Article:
Intraductal cisplatin treatment in a BRCA-associated breast cancer mouse model attenuates tumor development but leads to systemic tumors in aged female mice

Jolien S de Groot, Paul J van Diest, Miranda van Amersfoort, Eva J Vlug, Xiaojuan Pan, Natalie D Ter Hoeve, Hilde Rosing, Jos H Beijnen, Sameh A Youssef, Alain de Bruin, Jos Jonkers, Elsken van der Wall, Patrick W B Derksen

Research output: Contribution to journalArticleAcademicpeer-review

Abstract

BRCA deficiency predisposes to the development of invasive breast cancer. In BRCA mutation carriers this risk can increase up to 80%. Currently, bilateral prophylactic mastectomy and prophylactic bilateral salpingo-oophorectomy are the only preventive, albeit radical invasive strategies to prevent breast cancer in BRCA mutation carriers. An alternative non-invasive way to prevent BRCA1-associated breast cancer may be local prophylactic treatment via the nipple. Using a non-invasive intraductal (ID) preclinical intervention strategy, we explored the use of combined cisplatin and poly (ADP)-ribose polymerase 1 (PARP1) inhibition to prevent the development of hereditary breast cancer. We show that ID cisplatin and PARP-inhibition can successfully ablate mammary epithelial cells, and this approach attenuated tumor onset in a mouse model of Brca1-associated breast cancer from 153 to 239 days. Long-term carcinogenicity studies in 150 syngeneic wild-type mice demonstrated that tumor incidence was increased in the ID treated mammary glands by 6.3% due to systemic exposure to cisplatin. Although this was only evident in aged mice (median age = 649 days), we conclude that ID cisplatin treatment only presents a safe and feasible local prevention option if systemic exposure to the chemotherapy used can be avoided.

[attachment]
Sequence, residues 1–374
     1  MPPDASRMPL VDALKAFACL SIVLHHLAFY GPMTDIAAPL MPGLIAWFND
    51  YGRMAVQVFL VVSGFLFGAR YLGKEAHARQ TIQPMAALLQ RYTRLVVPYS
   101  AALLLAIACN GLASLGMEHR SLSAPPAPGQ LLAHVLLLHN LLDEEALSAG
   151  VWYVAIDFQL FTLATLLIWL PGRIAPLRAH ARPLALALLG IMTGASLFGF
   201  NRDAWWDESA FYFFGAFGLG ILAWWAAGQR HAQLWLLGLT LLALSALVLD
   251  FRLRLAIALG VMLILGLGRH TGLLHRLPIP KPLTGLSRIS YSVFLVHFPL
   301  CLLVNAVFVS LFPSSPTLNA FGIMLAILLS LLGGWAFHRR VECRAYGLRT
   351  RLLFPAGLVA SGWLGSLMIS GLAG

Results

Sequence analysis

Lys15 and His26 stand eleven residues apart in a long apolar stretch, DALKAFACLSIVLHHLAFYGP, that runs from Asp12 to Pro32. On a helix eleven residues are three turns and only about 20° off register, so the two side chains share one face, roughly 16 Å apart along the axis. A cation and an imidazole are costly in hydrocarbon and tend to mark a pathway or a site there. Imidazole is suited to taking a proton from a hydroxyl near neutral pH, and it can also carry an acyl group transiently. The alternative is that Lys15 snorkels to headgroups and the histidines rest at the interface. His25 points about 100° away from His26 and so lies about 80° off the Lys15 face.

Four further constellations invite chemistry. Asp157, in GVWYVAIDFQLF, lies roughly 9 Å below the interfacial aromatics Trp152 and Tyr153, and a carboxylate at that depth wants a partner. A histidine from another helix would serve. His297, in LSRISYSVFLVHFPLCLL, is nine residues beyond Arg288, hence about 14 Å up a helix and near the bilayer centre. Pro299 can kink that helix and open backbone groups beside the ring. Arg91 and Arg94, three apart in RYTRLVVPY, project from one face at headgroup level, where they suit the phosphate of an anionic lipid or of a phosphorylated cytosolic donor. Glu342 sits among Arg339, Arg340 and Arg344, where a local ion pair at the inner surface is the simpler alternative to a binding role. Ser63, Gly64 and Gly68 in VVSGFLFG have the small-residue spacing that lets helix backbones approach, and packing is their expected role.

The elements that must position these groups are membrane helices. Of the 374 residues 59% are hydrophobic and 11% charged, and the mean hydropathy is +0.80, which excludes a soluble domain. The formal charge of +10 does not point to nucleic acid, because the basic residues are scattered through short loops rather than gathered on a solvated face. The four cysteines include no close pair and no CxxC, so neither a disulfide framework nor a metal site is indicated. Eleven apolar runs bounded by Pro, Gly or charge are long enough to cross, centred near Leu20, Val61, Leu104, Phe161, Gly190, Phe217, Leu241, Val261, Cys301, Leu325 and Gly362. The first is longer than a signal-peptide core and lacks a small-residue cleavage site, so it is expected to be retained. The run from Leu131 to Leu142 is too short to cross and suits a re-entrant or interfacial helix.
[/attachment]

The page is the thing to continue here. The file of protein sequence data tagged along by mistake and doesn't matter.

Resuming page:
Original languageEnglish
Pages (from-to)60750-60763
Number of pages14
JournalOncotarget
Volume8
Issue number37
DOIs
Publication statusPublished - 22 Sept 2017

Keywords

  • BRCA
  • Breast cancer
  • Cisplatin
  • Intraductal
  • Olaparib

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